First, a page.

How to Talk to Kids About Depression
Parents often ask when and if they should talk to their kids about depression and suicide. Pediatrician Jordan Torres, D.O., shares tips on when to have the discussion as well as how and why it's important.
Meet the speaker
Visit Dr. Torres’s practice
Cook Children's Pediatrics Keller Parkway
Cook Children's Mental Health Education
Worried about your child’s mental health? Why your pediatrician is a great place to start
Cheers for tears! Why it’s okay to cry
New tools for pediatricians to address mental health care for children
Empathy may bolster hope and resiliency in children and young people
Superheroes get sad too: How to help children with disabilities cope with depression and anxiety
7 ways to get kids and teens to open up
Hi, I'm Dr. Torres from Cook Children's Pediatrics at Keller Parkway, and today I'll be talking to you about really a topic that's near and dear to my heart, especially in the pandemic, but it is starting that conversation with your children about depression and mental health.
Since the pandemic started, depression rates in our teenagers and adolescents have actually doubled. And ER visits for suicide attempts have increased by 50%. One in five children are depressed and contemplate suicide, and one in 11 will actually go to the ER with a suicide attempt. And this is a heavy topic, but it's an important one. And it's actually one of the questions I get asked the most. And so I wanted this to be a safe space for you to get a little more information and some tips on how to start that conversation if you're worried about your child.
And so, this is not the first time that this pandemic has been hard on everyone from our babies all the way up to our grandparents. This isn't new, we've seen increases in depression and suicide, even in prior flu pandemics in the early 1900s. That's not to scare you. But to know that this isn't new, and that we have things that can help. So if I had to have three big, three big tips, the first is to talk about it. So find a time a place where it's just you and your child. They're already calm, they're not rushing off to school or anything. And know that this can be sometimes the most nerve wracking part. But I find that the best way to start the conversation is to depersonalize it. So you can use those statistics, that's one way to depersonalize it to start the conversation or to make it about yourself. So that way, your child doesn't feel like they're being cornered. So you can say, I just heard a recent startling statistic on the news that depression rates are up two times what they were before. And I'm just worried about you. How are you feeling?
Or you can say I heard this statistic. And I know the last couple years have been hard on me. I want to check in on you. How are you feeling? Be patient. And if your child doesn't answer now or blows it off? That's okay, keep trying.
The second is to be ... to ask. So if you are genuinely concerned that your child has thought about hurting themselves, or you've actually seen signs of self harm, there is a lot of misinformation and concern that asking the question will either one, give them the idea, or two, make those ideas stronger. And I want you to know that that's not the case. It feels counterintuitive, but we actually know that asking if our our children have had those thoughts actually makes them less likely to commit suicide or attempt it. And so be loving, but direct. A lot of our kids are afraid that if they admit these feelings or thoughts, that they're going to worry their parents. Some of the most compassionate, loving teenagers I've met are the ones who struggle with these thoughts and are afraid to ever bring it up. So simply looking your kid in the eye and saying, I love you, I care about you. Nothing is going to change that. Have you ever thought about hurting yourself? Or that the world would be better off without you? And you might be surprised by the answer.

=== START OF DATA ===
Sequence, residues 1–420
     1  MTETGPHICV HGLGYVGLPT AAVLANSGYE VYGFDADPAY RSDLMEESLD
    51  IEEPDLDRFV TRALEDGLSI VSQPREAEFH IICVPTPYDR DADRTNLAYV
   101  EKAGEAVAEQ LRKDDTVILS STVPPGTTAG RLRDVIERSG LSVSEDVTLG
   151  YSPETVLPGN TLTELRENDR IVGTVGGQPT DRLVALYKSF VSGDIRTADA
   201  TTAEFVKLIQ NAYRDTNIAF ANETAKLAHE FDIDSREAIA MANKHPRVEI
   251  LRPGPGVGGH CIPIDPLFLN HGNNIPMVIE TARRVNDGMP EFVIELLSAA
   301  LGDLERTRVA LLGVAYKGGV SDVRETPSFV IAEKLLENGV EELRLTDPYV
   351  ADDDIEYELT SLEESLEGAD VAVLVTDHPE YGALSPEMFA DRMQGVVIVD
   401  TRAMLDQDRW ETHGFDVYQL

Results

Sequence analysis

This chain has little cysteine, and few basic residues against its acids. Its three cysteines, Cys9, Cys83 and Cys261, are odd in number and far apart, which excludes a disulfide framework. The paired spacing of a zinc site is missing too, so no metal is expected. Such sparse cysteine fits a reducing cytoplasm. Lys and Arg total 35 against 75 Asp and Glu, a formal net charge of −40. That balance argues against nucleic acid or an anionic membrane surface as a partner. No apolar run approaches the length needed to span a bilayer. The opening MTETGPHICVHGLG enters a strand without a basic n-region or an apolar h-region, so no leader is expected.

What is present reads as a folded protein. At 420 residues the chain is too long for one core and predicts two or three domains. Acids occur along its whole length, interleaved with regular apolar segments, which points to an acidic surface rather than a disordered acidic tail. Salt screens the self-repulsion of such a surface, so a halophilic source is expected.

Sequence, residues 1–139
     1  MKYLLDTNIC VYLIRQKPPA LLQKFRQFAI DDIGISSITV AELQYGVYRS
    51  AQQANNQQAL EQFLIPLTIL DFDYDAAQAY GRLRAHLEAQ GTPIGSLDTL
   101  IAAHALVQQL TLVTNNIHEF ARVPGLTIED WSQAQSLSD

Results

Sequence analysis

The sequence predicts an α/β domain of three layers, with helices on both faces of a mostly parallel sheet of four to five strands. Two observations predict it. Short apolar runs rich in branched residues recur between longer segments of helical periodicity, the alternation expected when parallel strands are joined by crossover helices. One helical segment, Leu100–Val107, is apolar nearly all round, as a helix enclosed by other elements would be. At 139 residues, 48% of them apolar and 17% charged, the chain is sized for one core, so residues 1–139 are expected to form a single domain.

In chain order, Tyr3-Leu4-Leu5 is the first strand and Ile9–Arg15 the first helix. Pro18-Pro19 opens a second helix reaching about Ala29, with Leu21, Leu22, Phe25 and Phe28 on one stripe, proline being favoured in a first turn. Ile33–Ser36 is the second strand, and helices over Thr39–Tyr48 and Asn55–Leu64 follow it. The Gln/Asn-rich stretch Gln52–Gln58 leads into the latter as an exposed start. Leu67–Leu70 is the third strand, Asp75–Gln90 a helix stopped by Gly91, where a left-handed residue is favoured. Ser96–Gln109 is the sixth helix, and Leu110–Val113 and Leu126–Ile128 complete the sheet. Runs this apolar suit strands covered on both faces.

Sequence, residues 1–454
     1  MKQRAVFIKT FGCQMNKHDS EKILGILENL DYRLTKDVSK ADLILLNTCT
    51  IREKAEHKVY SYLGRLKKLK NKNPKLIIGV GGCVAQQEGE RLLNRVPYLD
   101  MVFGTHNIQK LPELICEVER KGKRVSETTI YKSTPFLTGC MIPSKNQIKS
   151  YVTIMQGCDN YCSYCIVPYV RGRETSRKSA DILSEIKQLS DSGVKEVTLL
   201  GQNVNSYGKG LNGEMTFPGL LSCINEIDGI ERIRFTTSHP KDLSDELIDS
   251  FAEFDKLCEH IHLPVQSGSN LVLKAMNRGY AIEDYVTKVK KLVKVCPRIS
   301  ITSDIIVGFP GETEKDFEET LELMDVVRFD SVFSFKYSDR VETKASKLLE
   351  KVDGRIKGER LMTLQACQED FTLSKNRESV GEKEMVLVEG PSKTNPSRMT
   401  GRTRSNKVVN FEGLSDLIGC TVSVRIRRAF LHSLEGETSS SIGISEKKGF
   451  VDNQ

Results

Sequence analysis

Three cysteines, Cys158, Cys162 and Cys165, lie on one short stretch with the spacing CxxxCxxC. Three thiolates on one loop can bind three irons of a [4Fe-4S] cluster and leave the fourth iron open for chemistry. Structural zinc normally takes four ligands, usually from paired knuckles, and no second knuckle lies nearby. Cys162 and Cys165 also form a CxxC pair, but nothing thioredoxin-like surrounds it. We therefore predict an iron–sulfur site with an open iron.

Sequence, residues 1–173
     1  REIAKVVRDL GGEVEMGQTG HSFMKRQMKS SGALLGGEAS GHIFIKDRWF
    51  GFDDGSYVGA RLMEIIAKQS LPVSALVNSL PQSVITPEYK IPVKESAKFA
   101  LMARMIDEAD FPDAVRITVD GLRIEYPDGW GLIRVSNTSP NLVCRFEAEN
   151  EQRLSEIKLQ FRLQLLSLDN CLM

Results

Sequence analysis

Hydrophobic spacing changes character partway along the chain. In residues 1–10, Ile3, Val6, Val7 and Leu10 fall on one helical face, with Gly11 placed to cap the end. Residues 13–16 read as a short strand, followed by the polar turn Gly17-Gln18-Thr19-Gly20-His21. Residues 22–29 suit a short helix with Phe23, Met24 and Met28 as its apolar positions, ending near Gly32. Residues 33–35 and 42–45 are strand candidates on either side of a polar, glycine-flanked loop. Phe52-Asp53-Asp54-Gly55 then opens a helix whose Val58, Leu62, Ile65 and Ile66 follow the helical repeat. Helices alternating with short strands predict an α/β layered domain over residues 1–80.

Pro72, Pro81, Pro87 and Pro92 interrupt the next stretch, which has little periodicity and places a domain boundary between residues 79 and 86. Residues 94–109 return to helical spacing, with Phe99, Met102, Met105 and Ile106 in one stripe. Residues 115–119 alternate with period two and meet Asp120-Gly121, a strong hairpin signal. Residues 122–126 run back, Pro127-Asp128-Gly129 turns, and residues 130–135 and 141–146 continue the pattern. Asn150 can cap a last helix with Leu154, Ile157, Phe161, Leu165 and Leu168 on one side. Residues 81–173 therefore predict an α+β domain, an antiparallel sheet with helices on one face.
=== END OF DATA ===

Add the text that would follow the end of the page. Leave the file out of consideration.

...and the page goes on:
If your child says yes, or that they've thought about it in the past, the third and final step is to ask for help. As your pediatrician, or your pediatrician that you have, we want to walk through this with you, you do not have to carry this alone and your teenager doesn't either. And so if this is a thought that your child has had in the past, bring it up to us. We want to walk with you. I always use the example that coping with depression and feeling of doubt, being down is a lot like driving in a rainstorm. You need a GPS and you need your windshield wipers.
So some people need both. GPS is counseling and those resources. How do we navigate through these hard times? The windshield wipers can help us see clearer in the storm so we can get home. Sometimes that comes in the form of medication. Sometimes children need both or one or the other. We want to have that conversation with you and make that the right decision for you and your child. However, if your child has active thoughts of hurting themselves know that you also have help. Seek help immediately. And now we actually have the national hotline is even easier to call. It's 9-8-8 and you can call it day or night to get help.
But these are heavy topics, but the more we talk about them, the more comfortable they can get. And the more we can help our children who need it. If you have more questions, or want to start that conversation you can also see Cook Children's Behavioral Health for more information.